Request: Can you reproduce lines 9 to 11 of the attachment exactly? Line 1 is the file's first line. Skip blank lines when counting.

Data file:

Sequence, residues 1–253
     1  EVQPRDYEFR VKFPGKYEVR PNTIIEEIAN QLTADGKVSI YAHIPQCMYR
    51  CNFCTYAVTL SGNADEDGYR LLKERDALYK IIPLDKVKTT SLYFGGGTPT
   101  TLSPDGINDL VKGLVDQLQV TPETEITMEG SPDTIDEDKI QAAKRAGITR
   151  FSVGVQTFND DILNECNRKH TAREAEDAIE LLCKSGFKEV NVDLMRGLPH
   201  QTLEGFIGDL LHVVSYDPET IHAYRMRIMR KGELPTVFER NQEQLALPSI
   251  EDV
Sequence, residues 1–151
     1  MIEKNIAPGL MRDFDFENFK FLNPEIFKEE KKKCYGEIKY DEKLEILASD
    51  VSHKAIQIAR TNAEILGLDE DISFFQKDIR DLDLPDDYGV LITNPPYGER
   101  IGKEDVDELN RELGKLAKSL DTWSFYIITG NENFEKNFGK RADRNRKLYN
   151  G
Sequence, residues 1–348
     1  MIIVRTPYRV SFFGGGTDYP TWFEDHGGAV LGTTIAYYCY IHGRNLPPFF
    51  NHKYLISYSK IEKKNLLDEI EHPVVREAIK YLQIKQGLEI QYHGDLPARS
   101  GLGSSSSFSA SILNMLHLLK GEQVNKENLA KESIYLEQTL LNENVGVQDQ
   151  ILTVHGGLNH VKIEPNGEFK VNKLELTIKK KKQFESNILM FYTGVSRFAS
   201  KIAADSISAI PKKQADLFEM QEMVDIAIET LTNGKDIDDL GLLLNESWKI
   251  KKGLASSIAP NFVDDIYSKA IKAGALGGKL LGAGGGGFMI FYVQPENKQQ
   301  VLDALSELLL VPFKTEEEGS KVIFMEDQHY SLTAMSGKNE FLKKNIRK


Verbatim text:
     1  MIEKNIAPGL MRDFDFENFK FLNPEIFKEE KKKCYGEIKY DEKLEILASD
    51  VSHKAIQIAR TNAEILGLDE DISFFQKDIR DLDLPDDYGV LITNPPYGER
   101  IGKEDVDELN RELGKLAKSL DTWSFYIITG NENFEKNFGK RADRNRKLYN